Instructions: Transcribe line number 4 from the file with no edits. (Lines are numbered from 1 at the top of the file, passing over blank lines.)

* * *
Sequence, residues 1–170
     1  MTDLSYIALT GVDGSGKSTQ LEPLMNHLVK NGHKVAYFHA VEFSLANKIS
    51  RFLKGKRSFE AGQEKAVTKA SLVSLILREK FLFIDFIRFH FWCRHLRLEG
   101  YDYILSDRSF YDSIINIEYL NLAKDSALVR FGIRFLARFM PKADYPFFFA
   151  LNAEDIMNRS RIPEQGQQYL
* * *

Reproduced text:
   101  YDYILSDRSF YDSIINIEYL NLAKDSALVR FGIRFLARFM PKADYPFFFA